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Five Life Lessons I Gleaned from The Other Guys

Life is hard. A lot of the time you don’t know what you’re supposed to be doing. What’s the right thing to do? How do you navigate the ups and downs that come at you day in and day out? If only someone had the answers. If only there were a way to know, not just think, but know exactly what to do in this big circus called life. For that, we look to none other than The Other Guys.

Written by Chris Henchy and Adam McKay and directed by McKay, the movie tells the tale not of the heroes or the superstars. Not even about those middle-tier cops who are really good but maybe don’t get the recognition they deserve. Nah. We’re talking about the background cops. The people you’ve worked with for years and can’t quite remember their names. The little people. The rest of us. The other guys.

Let’s see what life might be like if you lived it according to The Other Guys, because that’s a thing you should definitely do and will have no serious repercussions.


The two hero cops, the badasses who always get their perp, are played by Dwayne “The Rock” Johnson and Samuel L. Jackson. And boy, do they go big.

This is an important life lesson. If something is worth doing, it’s worth doing right. And if it’s worth doing right, it’s worth doing big. How big? How about chasing-someone-through-a-busy-downtown-area-and-doing-millions-of-dollars-worth-of-property-damage-for-what-amounts-to-a-misdemeanor-drug-charge big.

How big? How about crashing-a-car-into-a-bus-then-using-the-bus-to-chase-down-the-bad-guys-then-fish-tailing-the-bus-and-crashing-into-a-cab-so-Sam-Jackson-flies-at-you-double-guns blasting-until-the-car-rams-through-the-front-door-of-Trump-Tower-exploding-in-a-beautiful-ball-of-flame.

You know…big.

Ask for that raise you’ve been passed over for time and time again. Dance like no one’s watching. Or, dance like someone is watching and you’re trying to impress them so you hire a flash mob to recreate the video for Rick Astley’sNever Gonna Give You Up” in the middle of Times Square during the New Year’s Eve ball drop.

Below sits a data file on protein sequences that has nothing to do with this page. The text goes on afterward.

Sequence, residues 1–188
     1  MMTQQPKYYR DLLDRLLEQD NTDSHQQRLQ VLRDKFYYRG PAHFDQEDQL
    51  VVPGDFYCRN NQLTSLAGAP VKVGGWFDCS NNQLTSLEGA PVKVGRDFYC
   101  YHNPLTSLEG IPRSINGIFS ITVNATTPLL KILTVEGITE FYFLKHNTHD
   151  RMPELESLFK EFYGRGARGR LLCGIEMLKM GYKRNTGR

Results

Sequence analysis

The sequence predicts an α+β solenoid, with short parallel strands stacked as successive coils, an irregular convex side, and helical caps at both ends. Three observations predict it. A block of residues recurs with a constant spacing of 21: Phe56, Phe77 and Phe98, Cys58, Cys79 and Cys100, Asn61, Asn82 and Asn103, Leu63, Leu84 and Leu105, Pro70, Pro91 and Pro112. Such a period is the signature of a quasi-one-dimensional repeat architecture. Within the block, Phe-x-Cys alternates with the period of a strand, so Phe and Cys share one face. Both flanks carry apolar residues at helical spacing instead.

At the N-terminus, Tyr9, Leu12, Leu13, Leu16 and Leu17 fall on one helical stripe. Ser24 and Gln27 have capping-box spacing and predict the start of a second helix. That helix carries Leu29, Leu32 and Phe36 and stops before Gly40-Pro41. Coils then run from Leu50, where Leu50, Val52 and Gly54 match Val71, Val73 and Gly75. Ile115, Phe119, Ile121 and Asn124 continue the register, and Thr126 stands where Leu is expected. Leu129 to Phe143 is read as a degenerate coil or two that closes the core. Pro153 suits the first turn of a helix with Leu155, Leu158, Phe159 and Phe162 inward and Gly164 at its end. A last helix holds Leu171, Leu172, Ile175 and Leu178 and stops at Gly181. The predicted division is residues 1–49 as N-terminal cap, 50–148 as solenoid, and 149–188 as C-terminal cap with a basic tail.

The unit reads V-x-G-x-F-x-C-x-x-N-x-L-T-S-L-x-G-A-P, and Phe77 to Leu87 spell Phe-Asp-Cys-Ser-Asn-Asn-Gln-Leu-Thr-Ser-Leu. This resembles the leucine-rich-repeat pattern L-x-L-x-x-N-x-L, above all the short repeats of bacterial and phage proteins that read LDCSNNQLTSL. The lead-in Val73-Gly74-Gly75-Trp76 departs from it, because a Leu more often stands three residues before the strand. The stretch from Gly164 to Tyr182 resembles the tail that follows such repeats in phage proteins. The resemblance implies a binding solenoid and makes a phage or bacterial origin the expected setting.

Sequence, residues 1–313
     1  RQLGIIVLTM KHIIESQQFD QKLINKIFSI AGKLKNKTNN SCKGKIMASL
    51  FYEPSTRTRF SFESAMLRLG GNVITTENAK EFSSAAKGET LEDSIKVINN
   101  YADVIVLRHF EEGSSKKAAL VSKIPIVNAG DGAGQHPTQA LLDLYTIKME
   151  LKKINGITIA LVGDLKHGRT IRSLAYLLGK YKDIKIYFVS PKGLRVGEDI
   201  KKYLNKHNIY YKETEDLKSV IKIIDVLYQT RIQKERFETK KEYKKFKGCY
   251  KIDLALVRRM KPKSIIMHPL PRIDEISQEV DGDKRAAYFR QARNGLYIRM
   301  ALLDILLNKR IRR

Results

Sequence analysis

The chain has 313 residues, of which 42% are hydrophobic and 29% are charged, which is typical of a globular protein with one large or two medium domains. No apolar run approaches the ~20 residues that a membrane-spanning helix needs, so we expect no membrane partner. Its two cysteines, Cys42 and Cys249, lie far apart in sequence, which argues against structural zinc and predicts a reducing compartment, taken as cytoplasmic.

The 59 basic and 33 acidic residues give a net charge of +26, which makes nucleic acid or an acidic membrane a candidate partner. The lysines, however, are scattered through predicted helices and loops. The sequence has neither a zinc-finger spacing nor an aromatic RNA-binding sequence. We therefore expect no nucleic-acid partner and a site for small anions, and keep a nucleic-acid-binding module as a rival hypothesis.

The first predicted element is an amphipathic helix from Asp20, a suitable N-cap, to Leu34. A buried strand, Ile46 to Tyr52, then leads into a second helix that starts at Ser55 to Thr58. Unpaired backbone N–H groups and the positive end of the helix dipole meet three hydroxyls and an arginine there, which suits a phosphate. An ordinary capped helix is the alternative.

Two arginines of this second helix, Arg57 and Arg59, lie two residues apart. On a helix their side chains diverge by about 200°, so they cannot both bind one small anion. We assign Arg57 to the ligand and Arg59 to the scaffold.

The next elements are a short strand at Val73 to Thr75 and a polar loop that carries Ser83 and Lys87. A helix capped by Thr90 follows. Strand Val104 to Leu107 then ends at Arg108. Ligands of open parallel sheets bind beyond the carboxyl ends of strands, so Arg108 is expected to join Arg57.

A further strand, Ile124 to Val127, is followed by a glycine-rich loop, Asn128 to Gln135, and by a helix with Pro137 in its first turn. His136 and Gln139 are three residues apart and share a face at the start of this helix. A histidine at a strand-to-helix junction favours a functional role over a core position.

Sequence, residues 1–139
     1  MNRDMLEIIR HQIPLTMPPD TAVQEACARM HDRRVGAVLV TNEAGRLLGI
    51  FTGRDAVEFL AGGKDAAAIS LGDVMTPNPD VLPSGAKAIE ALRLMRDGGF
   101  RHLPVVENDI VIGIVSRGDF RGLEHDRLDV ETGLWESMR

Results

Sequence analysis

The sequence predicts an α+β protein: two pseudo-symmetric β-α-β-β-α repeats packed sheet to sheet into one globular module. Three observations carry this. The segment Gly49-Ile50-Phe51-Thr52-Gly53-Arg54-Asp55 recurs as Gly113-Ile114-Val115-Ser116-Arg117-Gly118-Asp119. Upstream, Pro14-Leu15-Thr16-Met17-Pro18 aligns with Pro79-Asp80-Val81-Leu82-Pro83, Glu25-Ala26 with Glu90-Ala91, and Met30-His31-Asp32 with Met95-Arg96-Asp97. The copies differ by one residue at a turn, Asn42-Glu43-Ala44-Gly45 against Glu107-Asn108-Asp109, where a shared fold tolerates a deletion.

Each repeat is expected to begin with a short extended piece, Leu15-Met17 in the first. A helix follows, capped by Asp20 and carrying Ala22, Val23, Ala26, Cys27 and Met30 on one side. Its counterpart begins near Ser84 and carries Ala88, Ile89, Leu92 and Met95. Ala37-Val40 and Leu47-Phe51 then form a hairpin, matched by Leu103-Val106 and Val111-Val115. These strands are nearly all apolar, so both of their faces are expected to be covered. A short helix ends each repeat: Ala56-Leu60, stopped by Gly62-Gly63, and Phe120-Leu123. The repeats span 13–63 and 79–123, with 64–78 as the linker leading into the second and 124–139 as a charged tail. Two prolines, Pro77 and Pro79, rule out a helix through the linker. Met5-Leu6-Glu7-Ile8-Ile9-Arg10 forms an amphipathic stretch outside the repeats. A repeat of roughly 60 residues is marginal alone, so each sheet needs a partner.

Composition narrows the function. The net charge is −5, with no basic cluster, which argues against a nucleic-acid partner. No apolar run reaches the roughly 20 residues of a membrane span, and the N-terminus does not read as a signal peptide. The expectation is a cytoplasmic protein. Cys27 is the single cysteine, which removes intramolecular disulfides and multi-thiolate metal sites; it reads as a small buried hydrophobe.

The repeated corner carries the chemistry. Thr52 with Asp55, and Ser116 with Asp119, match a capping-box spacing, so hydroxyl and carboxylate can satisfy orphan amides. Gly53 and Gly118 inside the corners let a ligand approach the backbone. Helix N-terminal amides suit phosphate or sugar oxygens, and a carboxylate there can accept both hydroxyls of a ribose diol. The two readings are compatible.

(Hey, don’t get mad at me if you clicked the link, I told you exactly what it was.)

Just be careful because it’s possible to go too big. Like, jumping-from-the-roof-of-a-twenty-story-building-in-an-attempt-to-“aim-for-the-bushes”-only-to-plummet-to-a-concrete-cracking-death-on-the-busy-New-York-street-below.

On second thought, maybe you should go home and, I don’t know, snuggle up on the couch next to a loved one with a warm pet in your lap and a cup of hot cocoa — you know what? This home thing is starting to sound pretty good actually, maybe just go big half the time and then go home the rest of the time. You deserve it.

LESSON NUMBER TWO: It’s Better to Talk About Your Feelings

This is a good lesson not just from a therapeutic point of view but also from a communication standpoint. In life, it’s always better to state your intentions clearly and to repeat them often.

Our two “heroes,” the other guys, are Detective Allen Gamble played by Will Ferrell from Saturday Night Live and Detective Terry Hoitz played by Mark Wahlberg from Wahlburgers fast food chain. (Side note, did you know there are 49 Wahlburgers locations all across the world and the A&E reality show Wahlburgers ran for TEN SEASONS? See, the Wahlbergs know all about going big.)

Anyway, point is, talking about your feelings is key to a good relationship through proper communication. People often assume too much. They think they know what the other person is thinking and then make decisions based on inaccurate or incomplete information.

For instance, Allen doesn’t have any problem telling Terry when he’s hurt his feelings. Likewise, when some of the other cops in the office call him “Paper Bitch,” Allen speaks right up and says he doesn’t like that name. He’s stating his feelings clearly and often. It’s just unfortunate that nobody seems to care.